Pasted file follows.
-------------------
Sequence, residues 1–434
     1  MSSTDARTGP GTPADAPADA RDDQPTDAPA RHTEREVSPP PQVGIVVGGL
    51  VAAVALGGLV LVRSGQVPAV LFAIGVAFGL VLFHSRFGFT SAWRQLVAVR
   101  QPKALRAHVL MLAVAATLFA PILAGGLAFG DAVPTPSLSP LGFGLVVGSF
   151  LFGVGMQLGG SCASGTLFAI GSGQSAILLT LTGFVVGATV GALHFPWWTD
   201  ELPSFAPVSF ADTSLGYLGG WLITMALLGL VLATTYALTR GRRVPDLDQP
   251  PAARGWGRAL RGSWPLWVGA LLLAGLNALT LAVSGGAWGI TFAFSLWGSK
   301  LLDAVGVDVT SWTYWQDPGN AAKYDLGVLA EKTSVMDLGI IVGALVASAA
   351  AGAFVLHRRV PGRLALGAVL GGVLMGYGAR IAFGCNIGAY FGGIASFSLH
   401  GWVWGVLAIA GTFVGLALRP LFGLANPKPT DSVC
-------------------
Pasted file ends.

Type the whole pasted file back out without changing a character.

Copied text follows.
Sequence, residues 1–434
     1  MSSTDARTGP GTPADAPADA RDDQPTDAPA RHTEREVSPP PQVGIVVGGL
    51  VAAVALGGLV LVRSGQVPAV LFAIGVAFGL VLFHSRFGFT SAWRQLVAVR
   101  QPKALRAHVL MLAVAATLFA PILAGGLAFG DAVPTPSLSP LGFGLVVGSF
   151  LFGVGMQLGG SCASGTLFAI GSGQSAILLT LTGFVVGATV GALHFPWWTD
   201  ELPSFAPVSF ADTSLGYLGG WLITMALLGL VLATTYALTR GRRVPDLDQP
   251  PAARGWGRAL RGSWPLWVGA LLLAGLNALT LAVSGGAWGI TFAFSLWGSK
   301  LLDAVGVDVT SWTYWQDPGN AAKYDLGVLA EKTSVMDLGI IVGALVASAA
   351  AGAFVLHRRV PGRLALGAVL GGVLMGYGAR IAFGCNIGAY FGGIASFSLH
   401  GWVWGVLAIA GTFVGLALRP LFGLANPKPT DSVC